Feminism Rocks – Literally!

This blog needs a pick-me-up that I can’t provide at the moment – I just feel a bit too serious. Luckily Travis was kind enough to volunteer to step in with  some music-related commentary!

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It’s finally the weekend! Since I know we all need something to ease the tension from this past week, here is a list of five bands that are not only important to feminism but rock much harder than most groups!

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1. L7 : This all-female Los Angeles punk group released some great albums, especially 1992’s Bricks Are Heavy, which includes what is their most well-known song, “Pretend We’re Dead”, along with several other fantastic songs such as their attack on war in “Wargasm” and their derisive attack on society’s expectations for females in “Diet Pill”. L7 also formed Rock for Choice, a group formed to “mobilize the music community to protect abortion rights and women’s health clinics.”

gits_photo_012. The Gits: A sadly overlooked band, The Gits were a punk rock group fronted by the charismatic Mia Zapata, who has without a doubt one of the most incredible voices in rock and roll. After the devastating rape and murder of Zapata, her friends in the music industry banded together to create Home Alive, a “Seattle based anti-violence project that offers affordable self defense classes, provides public education and awareness, and leads local community organizing efforts,” that “encourages everyone to recognize their entitlement to the basic human right to live free from violence and hate.”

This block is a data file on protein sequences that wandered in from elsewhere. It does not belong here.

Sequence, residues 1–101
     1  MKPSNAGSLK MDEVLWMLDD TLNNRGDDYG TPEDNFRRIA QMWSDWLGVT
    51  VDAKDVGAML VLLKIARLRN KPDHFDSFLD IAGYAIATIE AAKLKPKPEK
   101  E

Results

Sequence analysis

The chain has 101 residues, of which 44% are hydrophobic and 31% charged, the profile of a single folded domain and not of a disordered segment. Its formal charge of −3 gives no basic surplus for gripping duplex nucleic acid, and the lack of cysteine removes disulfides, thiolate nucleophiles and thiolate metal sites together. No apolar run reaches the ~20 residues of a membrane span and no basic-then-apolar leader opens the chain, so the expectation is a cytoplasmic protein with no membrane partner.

3. The Pastels: One of the most beautiful (and obscure) bands in the world, The Pastels have recorded so many remarkable albums such as their debut Up for a Bit With The Pastels and the near flawless Mobile Safari. The Pastels, made up of guitarist/vocalist Stephen Pastel, bassist/vocalist Aggi Wright, and drummer/vocalist Katrina Mitchell “were important for introducing a lot of the gender-interactive tendencies that would play such an important role in the indie scene in the ‘90s.”

4. Shonen Knife: Osaka, Japan’s all-female Shonen Knife began with three women in 1981; according to Michael Azerrad’s book Our Band Could Be Your Life, Naoko Yamano (guitar/vocals), Atsuko Yamano (drums), and Michie Nakatani (bass/vocals) had to “keep their band a secret from their families and employers, since it was considered unseemly in Japan for women to play rock music. Perhaps because of that repression, Shonen Knife’s music radiated a joyful sense of release.” Today Shonen Knife, comprising of Naoko Yamano along with drummer Etsuko Nakanishi and new bassist Ritsuko Taneda, still performs and rocks much harder than your favorite bands.

5. The Raincoats: Formed in 1977 by guitarist/vocalist Ana de Silva and bassist/vocalist Gina Birch, The Raincoats were one of the first all-female groups in the punk scene; their eponymous first album “razed away punk’s heaving machismo and boy’s-own bluster, subverting a stylistic orthodoxy with the most unusual instrumentation.” Although the Raincoats were “not the most famous, or most acclaimed, of London’s late-’70s post-punk milieu, [they] may be said scene’s best band,” as their quirky instrumentation and all-female presence in a male-dominated scene went on to undoubtedly influence many female rock groups such as Bikini Kill and Hole. 

I hope you take the time to listen to these bands and, if luck should have it, you’ll fall in love with their music as I have!

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